ReplyDelete
  2. Hello Ken, I've seen a lot of your comments on apologetics 315 and out of a lot of atheists that I've encountered over the Internet you are one of the best. In fact, what I've been doing lately in my philosophical studies is studying the arguments and views of atheists and I've come up with this questionnaire if you will, asking atheists general and thought provoking questions. If you want me to I'd be more than happy to let you take part in it. I've taken this to many places where atheists debate at like Carm.org, Godandscience.org, reasonablefaith.org (William Craig's site) and I've well over a hundred responses. I think with your experience and time as a former theologian would be a great addition to the data that I've collected thus far. If you want me to I can either post the questionnaire here, or I can send through e-mail or any other method you want me to. Just let me know and I'll send it on over. Anyway, I thank you for your time and participation. Take care.

    ReplyDelete
  3. Strader,

    Thanks for your kind words. Send me an email and we can discuss further.

    pulliam at mail dot com

    ReplyDelete
  4. Hi Ken,

    I appreciate your column. I hope that this response helps to continue a stimulating yet civil ongoing debate on this subject. As Steve J properly points out, we all have an agenda. My background is a Christian turned Agnostic and returned to Christianity--hence my agenda.

    I don't understand Loftus' issue with the Bible not being clear. I would love to discuss in further detail but on the surface applying the ten commandments from the OT would take care of almost everything on the list. Even the first words by God in Exodus 20 cited his delivering Israel from slavery, pointing out that slavery was not a good thing. The 10th commandment talks about maidservants and manservants but that is very different from slavery and many laws applied to protect them.

    When Loftus points out that the Bible does not read like a divine revelation, and that it appears to be the mindset of a Bronze age people, there needs to be more substance to the argument. The Bible describes historical events which were from other eras, but I would argue that divine revelation runs through all of the Bible.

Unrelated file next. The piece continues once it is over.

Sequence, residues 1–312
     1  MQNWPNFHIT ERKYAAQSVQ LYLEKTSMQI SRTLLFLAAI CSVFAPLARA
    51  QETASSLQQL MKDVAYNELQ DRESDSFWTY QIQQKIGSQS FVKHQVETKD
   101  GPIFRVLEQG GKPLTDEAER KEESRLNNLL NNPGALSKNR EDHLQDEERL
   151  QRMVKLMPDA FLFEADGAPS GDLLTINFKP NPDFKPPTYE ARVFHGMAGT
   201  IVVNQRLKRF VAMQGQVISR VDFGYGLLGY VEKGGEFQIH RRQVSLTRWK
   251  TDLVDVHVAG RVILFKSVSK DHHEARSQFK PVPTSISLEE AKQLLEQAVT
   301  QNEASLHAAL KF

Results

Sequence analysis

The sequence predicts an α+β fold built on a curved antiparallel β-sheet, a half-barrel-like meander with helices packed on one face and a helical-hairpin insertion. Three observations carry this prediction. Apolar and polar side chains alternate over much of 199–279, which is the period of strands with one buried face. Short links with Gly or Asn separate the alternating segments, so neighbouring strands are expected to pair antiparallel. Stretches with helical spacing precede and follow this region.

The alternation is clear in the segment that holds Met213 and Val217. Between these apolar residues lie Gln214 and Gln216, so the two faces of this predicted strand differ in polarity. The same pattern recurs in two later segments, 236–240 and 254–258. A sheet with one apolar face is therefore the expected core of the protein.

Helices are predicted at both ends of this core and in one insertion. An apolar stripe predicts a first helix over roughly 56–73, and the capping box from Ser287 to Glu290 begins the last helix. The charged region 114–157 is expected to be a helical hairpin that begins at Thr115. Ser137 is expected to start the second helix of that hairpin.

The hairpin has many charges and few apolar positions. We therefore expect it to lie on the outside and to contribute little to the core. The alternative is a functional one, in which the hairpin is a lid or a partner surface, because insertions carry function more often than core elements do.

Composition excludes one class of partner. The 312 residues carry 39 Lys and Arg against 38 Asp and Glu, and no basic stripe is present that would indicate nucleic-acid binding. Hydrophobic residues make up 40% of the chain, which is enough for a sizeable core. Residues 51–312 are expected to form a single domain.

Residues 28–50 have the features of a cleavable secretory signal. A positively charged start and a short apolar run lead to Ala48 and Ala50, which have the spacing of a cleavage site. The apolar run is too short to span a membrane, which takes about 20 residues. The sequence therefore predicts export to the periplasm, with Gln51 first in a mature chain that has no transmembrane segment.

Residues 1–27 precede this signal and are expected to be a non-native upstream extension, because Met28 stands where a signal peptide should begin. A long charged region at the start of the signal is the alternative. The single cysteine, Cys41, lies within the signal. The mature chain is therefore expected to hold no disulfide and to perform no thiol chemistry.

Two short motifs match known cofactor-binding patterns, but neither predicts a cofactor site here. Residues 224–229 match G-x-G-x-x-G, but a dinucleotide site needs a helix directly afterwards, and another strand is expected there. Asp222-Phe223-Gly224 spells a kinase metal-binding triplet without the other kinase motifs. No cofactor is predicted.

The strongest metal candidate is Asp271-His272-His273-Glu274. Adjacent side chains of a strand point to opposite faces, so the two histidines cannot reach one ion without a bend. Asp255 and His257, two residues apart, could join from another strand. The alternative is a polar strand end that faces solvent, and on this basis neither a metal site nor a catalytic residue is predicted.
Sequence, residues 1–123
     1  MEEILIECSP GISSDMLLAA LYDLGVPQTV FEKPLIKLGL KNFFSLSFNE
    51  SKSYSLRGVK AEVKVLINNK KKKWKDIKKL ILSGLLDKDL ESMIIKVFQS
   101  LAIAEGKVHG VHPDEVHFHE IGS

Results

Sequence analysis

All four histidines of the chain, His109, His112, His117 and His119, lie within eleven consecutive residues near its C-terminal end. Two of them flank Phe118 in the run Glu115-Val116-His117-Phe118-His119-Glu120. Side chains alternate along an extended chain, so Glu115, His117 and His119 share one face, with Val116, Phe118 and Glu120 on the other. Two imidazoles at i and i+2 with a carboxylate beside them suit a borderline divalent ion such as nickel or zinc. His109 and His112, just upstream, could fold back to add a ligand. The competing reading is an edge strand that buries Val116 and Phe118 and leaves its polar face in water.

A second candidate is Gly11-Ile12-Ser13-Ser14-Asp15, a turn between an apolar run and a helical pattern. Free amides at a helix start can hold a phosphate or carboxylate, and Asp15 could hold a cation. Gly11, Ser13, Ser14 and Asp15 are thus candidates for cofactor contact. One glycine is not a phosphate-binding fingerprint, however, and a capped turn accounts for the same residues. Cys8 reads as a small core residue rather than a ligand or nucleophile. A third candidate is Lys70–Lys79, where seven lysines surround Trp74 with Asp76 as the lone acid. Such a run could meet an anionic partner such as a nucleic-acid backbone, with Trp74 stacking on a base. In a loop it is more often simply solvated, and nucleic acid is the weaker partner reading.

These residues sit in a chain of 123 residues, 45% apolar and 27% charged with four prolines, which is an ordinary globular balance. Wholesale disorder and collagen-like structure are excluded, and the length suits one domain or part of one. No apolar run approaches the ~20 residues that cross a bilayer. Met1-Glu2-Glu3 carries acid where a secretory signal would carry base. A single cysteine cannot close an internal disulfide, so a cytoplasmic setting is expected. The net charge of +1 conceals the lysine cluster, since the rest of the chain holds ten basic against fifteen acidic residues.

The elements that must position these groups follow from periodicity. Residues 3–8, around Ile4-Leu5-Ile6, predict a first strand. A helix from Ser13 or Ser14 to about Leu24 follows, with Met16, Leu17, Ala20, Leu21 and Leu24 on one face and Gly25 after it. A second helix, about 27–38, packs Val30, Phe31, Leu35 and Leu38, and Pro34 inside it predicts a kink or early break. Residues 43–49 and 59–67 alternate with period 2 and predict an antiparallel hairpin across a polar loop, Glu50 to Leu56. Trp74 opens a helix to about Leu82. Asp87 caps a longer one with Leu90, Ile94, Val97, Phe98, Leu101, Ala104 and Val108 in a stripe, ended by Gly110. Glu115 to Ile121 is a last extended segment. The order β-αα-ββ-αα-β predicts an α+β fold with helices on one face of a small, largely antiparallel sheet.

With the New Testament, as you know, Jesus boiled the ten commandments to a foundation of two--'Love the Lord your God with all your heart and with all your soul and with all your strength and with all your mind'; and, 'Love your neighbor as yourself.' These two commandments, noted in Mathew, Mark and Luke, are easily understood--even crystal clear. I know that it is Loftus' statement, "...if God had been at least as clear as human beings today could be in revising the Bible. "There would be no way the historic church could biblically justify religiously motivated crusades, wars, heresy trials, witch hunts, or slavery." Is this a point where you agree with Loftus. Which of these injustices (or any other) is not covered by Jesus' two commandments. Jesus had the harshest words with the religious rulers of the day and I doubt that it would be any different now.

    If, as Loftus suggests, human beings today are wise enough to revise the Bible, then it should not be difficult for someone to respond to this blog with something more profound, complete and brief as what Jesus said that when followed would also prevent these injustices.

    This is a good test to see if 2000 years is better than an omniscient being.

    ReplyDelete
  5. Jesus's commandment to love thy neighbour as thyself is nothing more than the Golden Rule which Confucius stated 600 years or so previously. In other words, this is not unique to Christianity. It also appears in other religions.
    The first one about loving God with all thy might is nothing but promotion and advertising!

    ReplyDelete
  6. Boyd writes:

    "Even the first words by God in Exodus 20 cited his delivering Israel from slavery, pointing out that slavery was not a good thing. The 10th commandment talks about maidservants and manservants but that is very different from slavery and many laws applied to protect them."

    In the Old South, slaves were as often as not referred to as "servants," and "servants" were afforded a modicum of legal protection. You couldn't wantonly kill your "servant"; that was murder. Nor could you fail to provide your "servant" with a minimum of food, clothing, and shelter.

    Any Biblically literate American slaveholder could have told you that slavery was ordained among the Jews by God, just as soon as the Jews had been delivered from their own bondage in Egypt. God told Moses on Mt. Sinai (Leviticus 25:44-46), "Your male and female slaves are to come from the nations around you; from them you may buy slaves. You may also buy some of the temporary residents living among you and members of their clans born in your country, and they will become your property. You can will them to your children as inherited property and can make them slaves for life, but you must not rule over your fellow Israelites ruthlessly." How ruthlessly a Jew might rule over a "servant" is suggested by Jesus (Luke 12:47-48): "That servant who knows his master's will and does not get ready or does not do what his master wants will be beaten with many blows. But the one who does not know and does things deserving punishment will be beaten with few blows."

    ReplyDelete
  7. Hi Clare,

    You are right. Confucius did state something very similar to the Golden Rule. He said, “Do not impose on others what you do not wish for yourself.”